Byrd didn't give up a run in this 4-0 victory over the A's in front of 16,974 at Progressive Field, and the starters' streak now stands at 34.
In fact, Tribe pitching has now held the opposition scoreless in four of the team's last seven games.
If it's peer pressure that's promoting this penchant for putouts and punchouts, then manager Eric Wedge is all for it.
"You like to have that friendly competition," Wedge said. "You try to keep moving it on down the line and keep trying to one-up one another. I think these guys are feeding off each other right now."
The pitchers, of late, have also been the beneficiaries of the Indians' strongest display of defense to date. And the gloves were particularly helpful to Byrd on this night.
In the second inning, Frank Thomas was streaking home with what would have been the game's tying run, but he was nabbed at the plate by center fielder Grady Sizemore's strike to Victor Martinez. In the third, David Dellucci made a catch against the wall in left to deny Donnie Murphy an extra-base hit. In the fifth, Byrd struck out Murphy, then watched as Martinez gunned down Bobby Crosby's stolen-base attempt at third for a double play.
But the biggest highlight of all came in the eighth, when Byrd was nursing a 1-0 lead and second baseman Asdrubal Cabrera, one day removed from an unassisted triple play, snagged a Crosby blooper in shallow center with a mesmerizing dive.
"I didn't think there was any way he was going to get to that ball," Wedge said of Cabrera's play. "That was tremendous."
Byrd soaked in all this support and had just one word for it.
"Unbelievable," he said. "If they don't make those plays, who knows what the score of the game is? It's a totally different ballgame. My box score is going to look good in the paper, but ... the reality is they made some great plays, and I very easily could have given up some runs."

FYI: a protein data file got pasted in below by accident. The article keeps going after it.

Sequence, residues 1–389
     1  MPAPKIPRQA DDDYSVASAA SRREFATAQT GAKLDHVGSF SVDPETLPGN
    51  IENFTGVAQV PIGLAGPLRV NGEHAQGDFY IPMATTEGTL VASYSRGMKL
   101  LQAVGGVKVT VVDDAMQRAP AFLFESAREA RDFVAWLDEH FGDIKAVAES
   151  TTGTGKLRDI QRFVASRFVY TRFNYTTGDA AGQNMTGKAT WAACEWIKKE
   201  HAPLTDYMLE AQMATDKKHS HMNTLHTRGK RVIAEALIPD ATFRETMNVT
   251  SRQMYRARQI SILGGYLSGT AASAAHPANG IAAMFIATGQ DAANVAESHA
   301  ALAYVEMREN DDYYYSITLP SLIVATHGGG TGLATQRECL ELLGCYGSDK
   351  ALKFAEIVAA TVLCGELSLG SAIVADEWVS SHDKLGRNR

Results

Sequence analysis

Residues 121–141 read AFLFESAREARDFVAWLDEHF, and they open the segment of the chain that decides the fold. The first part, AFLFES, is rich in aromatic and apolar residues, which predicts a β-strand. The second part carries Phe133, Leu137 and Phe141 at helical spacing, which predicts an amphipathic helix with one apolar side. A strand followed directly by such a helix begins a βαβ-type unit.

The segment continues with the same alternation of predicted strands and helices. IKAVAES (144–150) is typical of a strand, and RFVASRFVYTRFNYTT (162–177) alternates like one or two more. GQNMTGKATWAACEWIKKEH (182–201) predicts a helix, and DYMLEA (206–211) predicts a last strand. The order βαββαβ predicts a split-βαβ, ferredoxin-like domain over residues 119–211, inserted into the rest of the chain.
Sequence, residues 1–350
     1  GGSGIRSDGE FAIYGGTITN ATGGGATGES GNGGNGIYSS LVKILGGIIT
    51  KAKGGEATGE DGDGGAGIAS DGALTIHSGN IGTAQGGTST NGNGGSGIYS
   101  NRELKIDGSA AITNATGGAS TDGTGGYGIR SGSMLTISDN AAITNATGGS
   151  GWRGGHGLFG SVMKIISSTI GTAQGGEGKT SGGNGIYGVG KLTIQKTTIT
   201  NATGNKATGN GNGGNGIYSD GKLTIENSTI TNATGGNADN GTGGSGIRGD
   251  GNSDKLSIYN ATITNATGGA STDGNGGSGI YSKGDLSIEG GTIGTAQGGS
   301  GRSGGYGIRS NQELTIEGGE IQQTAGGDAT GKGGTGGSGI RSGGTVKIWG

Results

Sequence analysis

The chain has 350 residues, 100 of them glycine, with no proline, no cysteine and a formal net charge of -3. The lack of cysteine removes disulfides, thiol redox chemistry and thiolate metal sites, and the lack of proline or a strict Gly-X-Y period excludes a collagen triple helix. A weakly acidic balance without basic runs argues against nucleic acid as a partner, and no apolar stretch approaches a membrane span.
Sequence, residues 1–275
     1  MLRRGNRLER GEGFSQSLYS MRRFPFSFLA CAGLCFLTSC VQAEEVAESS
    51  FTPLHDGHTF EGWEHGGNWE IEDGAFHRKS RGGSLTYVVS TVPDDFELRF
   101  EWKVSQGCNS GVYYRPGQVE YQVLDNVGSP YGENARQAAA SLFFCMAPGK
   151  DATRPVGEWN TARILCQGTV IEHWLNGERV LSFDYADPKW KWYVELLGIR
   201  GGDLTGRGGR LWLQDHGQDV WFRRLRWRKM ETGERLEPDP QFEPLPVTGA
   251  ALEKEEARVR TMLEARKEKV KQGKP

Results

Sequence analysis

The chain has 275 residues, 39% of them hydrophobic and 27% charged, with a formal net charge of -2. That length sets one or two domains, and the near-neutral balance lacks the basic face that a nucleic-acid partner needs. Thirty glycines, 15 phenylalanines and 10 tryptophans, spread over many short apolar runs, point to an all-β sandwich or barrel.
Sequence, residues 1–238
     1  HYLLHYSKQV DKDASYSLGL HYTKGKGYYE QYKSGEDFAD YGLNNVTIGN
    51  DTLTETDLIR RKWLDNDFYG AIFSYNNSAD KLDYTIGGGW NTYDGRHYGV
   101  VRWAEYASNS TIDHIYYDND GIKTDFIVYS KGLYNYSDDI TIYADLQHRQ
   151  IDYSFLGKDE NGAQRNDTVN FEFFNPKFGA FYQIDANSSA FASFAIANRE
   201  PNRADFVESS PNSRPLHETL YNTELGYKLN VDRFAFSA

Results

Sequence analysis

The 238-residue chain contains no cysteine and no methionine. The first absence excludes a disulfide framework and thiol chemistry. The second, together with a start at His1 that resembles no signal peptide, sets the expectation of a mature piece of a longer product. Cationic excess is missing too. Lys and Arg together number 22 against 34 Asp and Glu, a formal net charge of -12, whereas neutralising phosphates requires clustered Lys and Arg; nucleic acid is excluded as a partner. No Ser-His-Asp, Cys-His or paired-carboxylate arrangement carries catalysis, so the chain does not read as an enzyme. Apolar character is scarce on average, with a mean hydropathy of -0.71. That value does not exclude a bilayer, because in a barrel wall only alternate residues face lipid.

Of course, Byrd didn't give up any runs in his 7 1/3 innings of work. All he allowed were five hits with no walks and a season-high seven strikeouts.
Byrd is hardly a strikeout pitcher, and the A's thought the zone was working in his favor.
"He got some [generous] calls outside and stayed outside," Thomas said. "That's his game. If he doesn't have to throw strikes, he won't. But he was painting that outside black. He was hitting his spots."
Following another Tribe trend, the Indians didn't do much hitting at all in this game. But they strung together enough runs to get by.
The first and only run off A's starter Justin Duchscherer came in the first inning, when Travis Hafner ripped a single up the middle to score Dellucci from second. Other than that, the Indians couldn't get anything going off Duchscherer, who gave them fits in a start in Oakland earlier this season.
But with Duchscherer and Byrd out of the ballgame in the bottom of the eighth, the Indians' bats negated the need to bring in closer Rafael Betancourt in the ninth.
With two outs, Martinez drew a walk off Alan Embree and Hafner followed with a single. The A's brought out former Indians reliever Andrew Brown to face Ryan Garko, who smacked a three-run homer into the Tribe bullpen to seal it.
Rather than turn to Betancourt, who has been shaky this season, the Indians were able to stick with setup man Masa Kobayashi for a second inning, as a result of Garko's blast. Kobayashi came through with his first Major League save.
"That was nice, because who knows what can happen in a one-run game [in the ninth]?" Garko said. "One swing can change the game."
The Indians have plenty of experience with tight ballgames this season, and that's both an indictment of their offense and a testament to their starting pitching, which has been as good as it gets in the American League.
But this recent display from the starters has really been a sight to behold.
"It's been unbelievable," Hafner said. "They've gone above and beyond what they've been asked to do."
Byrd was asked to feed off the pressure of his peers in this outing, and he delivered.
"Everybody's kind of in a groove right now," he said. "It's kind of nice to have all the pitchers clicking at once. I feel like every time I show up at the park, whoever is on the hill is going to give the team a good, quality performance. It's a good feeling."